There are no cities on Alderney. The island itself is only 3 miles long by 1.5 wide.
The main concentration of houses and shops is in the centre of the Island. This area is sometimes erroneously called 'St Anne' (alternatively St Annes). In fact the correct name is simply 'Town'. The Parish of St Anne's includes the whole of the Island.
Although the Auregniais (Alderney Norman-French) language eventually died out in the early part of the 20th century, the signs leading to Town are bilingual, reading 'Town/La Ville', presumably to assist visiting French yachtsmen and day-trippers. Locals sometimes refer to it, tongue-in-cheek, as 'The City'.
The parish of St Anne is served by a magnificent, almost cathedral-like parish church in the centre of Town.
Alderney is the third largest of the Channel Islands, and the most northerly. It is often said that Alderney is the only Channel Island since it is the only one that is actually in the English Channel/La Manche. (Guernsey, Jersey and the smaller islands are actually in the Bay of St Malo)
Like the other islands Alderney is a self-governing Crown Dependency. It has its own parliament, the 10 member States of Aldeney which sits 10 times a year. Alderney is also part of the Bailiwick of Guernsey which in modern terms is effectively a customs union including Guernsey and Sark (but not Jersey). In addition, because of an agreement made between Alderney, the UK and Guernsey after the Second World War, Guernsey takes responsibility for providing a number of public services on Alderney (e.g. health, education, the airport etc). These 'transferred services' as they are known, are provided by Guernsey in return for the right to collect direct and indirect taxes in Alderney at the same rate as in Guernsey.
Due to its location in the English Channel and its proximity to the French port of Cherbourg, it has often been seen to be strategically important, despite the treacherous waters that surround it. In the 19th century, a large breakwater - the longest in the UK - was built at Braye in order to form a harbour sheltered from the Swinge tidal race. Although it was never completed, its spectacular remains form the modern harbour. During World War II the island was occupied by German forces, including the SS, and four forced labour camps were built. Although not an extermination camp in the same sense as e.g. Dachau and Buchenwald, very many forced labourers, particularly from Eastern Europe, were worked to death, and there is a memorial to them near to Saye (pronounced 'Soy') which is a must-see.
The uninhabited islet of Burhou, off the northwest end of the island, is an important nesting area for seabirds. The former farmer's cottage on Burhou can be rented from the Government, and is used for 'get away from it all' holidays by a number of Alderney residents.
To the south of the islands, separating Alderney from the Cherbourg peninsula, is the Alderney Race (Raz), notorious for is extremely strong currents and rough seas. Despite the hazards presented by Alderney's rocky coastline and the hazards of the Swinge and Race, Braye harbour is a popular destination for yachtsmen and in summer the harbour is full of boats of all kinds, from small RIBs to multimillion pound luxury yachts.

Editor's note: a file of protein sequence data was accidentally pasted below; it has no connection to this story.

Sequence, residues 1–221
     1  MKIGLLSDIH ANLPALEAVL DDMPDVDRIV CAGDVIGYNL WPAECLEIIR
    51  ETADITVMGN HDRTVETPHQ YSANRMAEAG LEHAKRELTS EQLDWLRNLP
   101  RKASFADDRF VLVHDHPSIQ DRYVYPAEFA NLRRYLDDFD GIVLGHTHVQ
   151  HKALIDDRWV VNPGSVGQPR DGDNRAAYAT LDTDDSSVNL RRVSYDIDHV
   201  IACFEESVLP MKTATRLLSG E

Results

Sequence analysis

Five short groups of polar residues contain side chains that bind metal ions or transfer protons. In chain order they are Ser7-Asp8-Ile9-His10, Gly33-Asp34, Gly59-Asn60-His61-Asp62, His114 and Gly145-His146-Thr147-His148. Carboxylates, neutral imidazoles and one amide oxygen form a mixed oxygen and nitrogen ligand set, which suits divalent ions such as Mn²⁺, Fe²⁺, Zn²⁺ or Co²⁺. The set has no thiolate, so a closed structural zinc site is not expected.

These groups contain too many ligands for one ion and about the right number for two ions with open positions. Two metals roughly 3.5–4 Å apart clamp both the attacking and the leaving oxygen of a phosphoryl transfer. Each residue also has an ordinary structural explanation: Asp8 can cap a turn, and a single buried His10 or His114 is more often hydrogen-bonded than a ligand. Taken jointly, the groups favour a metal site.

- By air
- By sea
Manche-Iles Express operate summer ferry services from Dielette in France and Guernsey to Alderney.
Alderney is a small island and in good weather there's really nowhere that isn't within walking distance. Bicycles may also be hired.
During the summer there is a regular bus service round the island and even a railway service between Braye and the north of the island.
There is a nice range of restuarants, from cafes to smart top notch food.
There are no "chains" of fast food, no McDonalds, no Burger King, Pizza Hut etc. Everything is locally owned.
Alderney is probably one of the safest destinations you can visit. Crime is rare, and what crime there is is of a fairly minor in nature. People generally leave doors unlocked, and often leave vehicles unsecured with the keys in the ignition. However, don't emulate the locals in this regard. If you have a hire car and it is 'borrowed', you will find you won't be insured when it is discovered in a damaged state on one of the unmade roads having been used to get to a German bunker for an after-hours party. This happens to at least one unlucky local every year. Every Summer the police remind people to lock cars and remove their keys for this reason.
Public order offences are not as rare as the locals would have you believe. Unlike the UK, which has liberalised its drinking laws, Alderney observes strict licensing hours, which although they used to be the longest in the British Isles, are now probably the shortest. In the winter, no alcohol may be served after midnight, and all premises must close by 12.30. In the summer, these hours are extended by half-an-hour.
Again unlike the UK, which following Ireland, Guernsey and many other countries has banned smoking in public from the 1st July 2007, Alderney's government has found itself unable to do so in the weight of opposition, and at the time of writing, with the exceptions of the Belle Vue Hotel(entirely non-smoking as of 01.07.07 and part of the Moorings) smoking is not permitted. If you are from a non-smoking-in-public country, you may be amazed at how noxious the interior of some Alderney pubs is. There is also the Braye Beach Hotel which is non-smoking throughout.
This page was last edited at 13:47, on 13 July 2008 by Anonymous user(s) of Wikitravel. Based on work by Daniel Cowan and Tom Holland, Wikitravel user(s) Pashley and Anonymous user(s) of Wikitravel.